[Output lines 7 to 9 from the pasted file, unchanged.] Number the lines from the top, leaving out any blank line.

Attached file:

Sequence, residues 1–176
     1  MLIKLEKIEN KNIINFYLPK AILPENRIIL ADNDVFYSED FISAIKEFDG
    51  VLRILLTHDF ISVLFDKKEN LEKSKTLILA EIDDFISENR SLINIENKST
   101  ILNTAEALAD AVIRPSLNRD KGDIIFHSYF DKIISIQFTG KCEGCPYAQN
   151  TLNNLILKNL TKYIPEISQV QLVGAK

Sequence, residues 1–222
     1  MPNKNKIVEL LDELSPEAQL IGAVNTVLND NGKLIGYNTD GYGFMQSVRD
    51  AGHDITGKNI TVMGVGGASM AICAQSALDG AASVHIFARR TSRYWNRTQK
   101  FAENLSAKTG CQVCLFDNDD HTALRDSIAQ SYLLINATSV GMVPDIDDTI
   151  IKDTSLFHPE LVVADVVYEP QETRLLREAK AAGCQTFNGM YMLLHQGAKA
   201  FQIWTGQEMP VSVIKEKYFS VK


     1  MPNKNKIVEL LDELSPEAQL IGAVNTVLND NGKLIGYNTD GYGFMQSVRD
    51  AGHDITGKNI TVMGVGGASM AICAQSALDG AASVHIFARR TSRYWNRTQK
   101  FAENLSAKTG CQVCLFDNDD HTALRDSIAQ SYLLINATSV GMVPDIDDTI